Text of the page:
A Beginner’s Guide to Threes, the Numbers Game You Won’t Be Able to Stop Playing
This weekend, I discovered the new iOS game called Threes and fell down a deep, dark, black hole. Forget Flappy Bird: Forty hours and over 100 games later, I can say with confidence that this is your new addiction.
The $2 puzzle game was released earlier this month by Asher Vollmer, Greg Wohlwend and Jimmy Hinson. It’s so simple, yet difficult, it’ll make you go insane. Your goal: Combine the numbers in a 16-card grid to make larger numbers. You may only combine 1’s and 2’s to make 3. But for numbers 3 and up, every match may be combined to create a larger sum. The larger the number, the more points you get.
Seems easy enough, right? But when you swipe one direction, the entire board moves that way, and with it comes a new tile. If the board fills up with tiles and you can no longer combine any of them, the game is over. This creates a problem that reminds me of that famous chocolate conveyer belt scene in I Love Lucy: Every time you eliminate a tile with a combination, a new one pops up. You know what type of tile is coming at you, based on a preview at the top, but that doesn’t mean you know where to put it. Pretty soon you’re panicking to make room for them all, and your grid gets all stuffed up, just like Lucille Ball’s mouth.
Though it is similar to the addictive game Candy Crush Saga, Threes sets itself apart in design and strategy. Rather than establishing a cast of characters who trek through a Gobstopper-strewn terrain, each tile is assigned its own weird face and greeting. If the tiles match, the faces interact with one another on the board — a sophisticated hint that you may combine them if you so desire.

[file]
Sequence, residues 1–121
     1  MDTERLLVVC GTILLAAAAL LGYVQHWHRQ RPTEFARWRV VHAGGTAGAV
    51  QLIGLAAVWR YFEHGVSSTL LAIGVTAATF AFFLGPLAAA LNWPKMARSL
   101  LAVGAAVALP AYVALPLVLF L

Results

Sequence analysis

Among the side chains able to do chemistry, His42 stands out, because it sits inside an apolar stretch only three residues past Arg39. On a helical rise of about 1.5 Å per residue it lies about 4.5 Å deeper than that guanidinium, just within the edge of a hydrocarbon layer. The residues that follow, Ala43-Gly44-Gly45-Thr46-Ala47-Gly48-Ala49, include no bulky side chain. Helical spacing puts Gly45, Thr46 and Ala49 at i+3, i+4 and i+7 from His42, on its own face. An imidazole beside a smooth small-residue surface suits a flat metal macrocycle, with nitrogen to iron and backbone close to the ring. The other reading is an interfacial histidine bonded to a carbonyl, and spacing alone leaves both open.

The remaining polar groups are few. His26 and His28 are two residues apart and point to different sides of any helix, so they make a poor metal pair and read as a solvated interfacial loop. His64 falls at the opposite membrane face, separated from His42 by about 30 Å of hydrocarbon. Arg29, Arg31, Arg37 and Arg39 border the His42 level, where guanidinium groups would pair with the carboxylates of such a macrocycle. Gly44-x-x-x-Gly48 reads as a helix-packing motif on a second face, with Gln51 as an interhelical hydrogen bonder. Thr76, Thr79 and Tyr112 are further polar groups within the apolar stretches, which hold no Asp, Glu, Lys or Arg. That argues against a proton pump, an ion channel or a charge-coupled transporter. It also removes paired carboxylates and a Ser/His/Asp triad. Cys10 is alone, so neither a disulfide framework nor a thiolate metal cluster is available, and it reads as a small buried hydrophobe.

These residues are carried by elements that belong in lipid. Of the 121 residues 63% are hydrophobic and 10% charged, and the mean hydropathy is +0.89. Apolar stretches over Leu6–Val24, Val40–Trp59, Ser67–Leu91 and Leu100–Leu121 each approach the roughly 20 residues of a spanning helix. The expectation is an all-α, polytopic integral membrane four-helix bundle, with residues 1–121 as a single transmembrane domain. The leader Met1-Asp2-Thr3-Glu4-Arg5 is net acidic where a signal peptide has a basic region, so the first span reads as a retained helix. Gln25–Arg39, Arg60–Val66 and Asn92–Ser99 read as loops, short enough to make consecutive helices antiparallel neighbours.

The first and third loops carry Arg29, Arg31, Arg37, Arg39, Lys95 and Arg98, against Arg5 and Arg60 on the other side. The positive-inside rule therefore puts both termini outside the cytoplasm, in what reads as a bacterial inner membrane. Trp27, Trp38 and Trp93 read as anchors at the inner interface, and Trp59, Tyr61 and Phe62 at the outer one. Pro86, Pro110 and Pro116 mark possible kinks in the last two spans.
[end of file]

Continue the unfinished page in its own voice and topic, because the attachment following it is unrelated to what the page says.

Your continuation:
In games like Candy Crush, where chaos on the board or a bad draw can ruin a perfectly good turn and luck always trumps strategy, Threes actually lets you tackle a board with a few great tactics.
Here’s a quick run-through of how to play.
First, download the app here. It’s worth the $2, I swear. When you open the app, it’ll immediately bring you into its own tutorial. If you ever need to revisit it, you can always tap the tutorial icon in the upper-right corner of the screen.
Each tile has a color that signifies what it can do on the board. 1’s are blue, 2’s are pink, and all other tiles are white (with cute yellow faces at the bottoms of their cards). Above the board, you can see the color of the tile that will appear on the board after your next move.
You can swipe one of four directions: up, down, right or left. In this case, I will eliminate the most tiles by swiping left. This is the result: